What is the creative process like for you?

An over-abundance of creative energy seems to always be surging through my veins (almost to the point of obsession, and to the detriment of any reasonable attempt at housekeeping!) which probably came from growing up in a household where building, making, sewing, and decorating things was always going on. My best ideas seem to pop into my head out of nowhere, and I’ve found that the trick is to learn how to “empty out” the analytical, linear, practical left side of your brain so that the creative, intuitive, spatial right side of your brain can just fill up.  If you TRY to fill it up, it won’t happen. If you just “let go”, it will fill up to the point of spilling over.

Once I have an idea, I’ll work on pencil sketches and small studies to work out composition and colors, then transfer the design to watercolor paper with light pencil lines. Then I start filling in sections, layering, and blending with color. It’s a lot like a construction process–you have to think about your foundation and then building up different layers in a certain order. That’s where the analytical side of my brain gets to have some input and feel really useful!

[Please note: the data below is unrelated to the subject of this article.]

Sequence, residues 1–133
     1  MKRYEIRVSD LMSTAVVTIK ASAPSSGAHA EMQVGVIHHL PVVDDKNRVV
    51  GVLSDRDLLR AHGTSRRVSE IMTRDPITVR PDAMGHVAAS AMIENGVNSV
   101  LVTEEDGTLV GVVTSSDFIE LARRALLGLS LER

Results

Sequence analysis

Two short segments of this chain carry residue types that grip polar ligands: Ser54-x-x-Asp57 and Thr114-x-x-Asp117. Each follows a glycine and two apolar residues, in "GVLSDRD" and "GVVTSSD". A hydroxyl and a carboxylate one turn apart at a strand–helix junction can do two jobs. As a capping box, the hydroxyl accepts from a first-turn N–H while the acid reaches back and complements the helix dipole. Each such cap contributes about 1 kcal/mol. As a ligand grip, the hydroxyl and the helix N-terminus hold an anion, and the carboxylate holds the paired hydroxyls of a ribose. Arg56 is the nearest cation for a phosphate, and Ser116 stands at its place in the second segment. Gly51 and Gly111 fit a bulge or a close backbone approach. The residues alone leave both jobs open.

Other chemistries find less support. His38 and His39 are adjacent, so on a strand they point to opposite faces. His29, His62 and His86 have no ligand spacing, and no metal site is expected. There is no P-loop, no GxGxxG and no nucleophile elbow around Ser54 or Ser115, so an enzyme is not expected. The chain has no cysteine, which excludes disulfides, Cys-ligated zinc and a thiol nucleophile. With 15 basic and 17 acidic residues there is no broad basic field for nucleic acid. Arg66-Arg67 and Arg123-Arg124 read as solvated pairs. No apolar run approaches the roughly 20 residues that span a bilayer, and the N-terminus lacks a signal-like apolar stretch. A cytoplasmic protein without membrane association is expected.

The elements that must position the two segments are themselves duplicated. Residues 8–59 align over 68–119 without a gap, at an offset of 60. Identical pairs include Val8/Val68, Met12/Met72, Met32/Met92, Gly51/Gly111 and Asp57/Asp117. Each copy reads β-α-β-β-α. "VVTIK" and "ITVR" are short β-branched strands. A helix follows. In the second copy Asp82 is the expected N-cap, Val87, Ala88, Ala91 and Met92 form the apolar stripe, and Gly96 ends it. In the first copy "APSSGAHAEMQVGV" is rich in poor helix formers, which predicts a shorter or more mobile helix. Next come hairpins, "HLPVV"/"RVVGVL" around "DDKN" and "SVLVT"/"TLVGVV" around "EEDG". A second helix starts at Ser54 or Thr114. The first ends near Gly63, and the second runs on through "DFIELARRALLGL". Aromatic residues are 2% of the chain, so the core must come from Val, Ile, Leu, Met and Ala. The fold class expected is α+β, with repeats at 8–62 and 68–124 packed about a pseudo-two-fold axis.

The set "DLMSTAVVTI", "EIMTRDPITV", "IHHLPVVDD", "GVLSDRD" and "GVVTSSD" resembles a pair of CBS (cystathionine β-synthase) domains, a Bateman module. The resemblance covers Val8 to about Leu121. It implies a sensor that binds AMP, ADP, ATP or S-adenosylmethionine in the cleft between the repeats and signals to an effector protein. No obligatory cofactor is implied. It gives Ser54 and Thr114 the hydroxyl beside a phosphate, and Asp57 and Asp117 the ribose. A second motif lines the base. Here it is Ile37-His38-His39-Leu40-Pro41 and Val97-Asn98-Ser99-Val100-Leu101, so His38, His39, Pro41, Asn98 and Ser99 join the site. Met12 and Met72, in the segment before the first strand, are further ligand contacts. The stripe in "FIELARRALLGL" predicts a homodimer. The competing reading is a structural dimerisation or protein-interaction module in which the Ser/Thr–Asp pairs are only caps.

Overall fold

Tell us a little about your feline family members.

I currently have one indoor cat, Buttonwillow, and two semi-feral cuties who live in my carport: Sweet Pea and Mr. Smokey. Buttonwillow was born to Sweet Pea under my house soon after I moved in, but renounced her feral status when she got a taste of the good life indoors. All have since been spayed and neutered. You can find out more about Buttonwillow on my blog– recently she put together a great physical fitness routine for couch potatoes.

You can find more information about Susan’s art on her website, and you can also find many of her wonderful creations on her Etsy page. Susan also hosts a wonderful blog titled 365 Cat Ladies, where she showcases her wonderful creations, including stories about the cat ladies and other animal lovers that she‘s had the pleasure of painting.

Susan is offering a giveaway of one of her beautiful pendants – the winner gets to choose which one.  To enter the giveaway, please leave a comment on this post.  Share the giveaway on Facebook or Twitter and leave the link in a separate comment for another chance to win.  This giveaway ends December 22.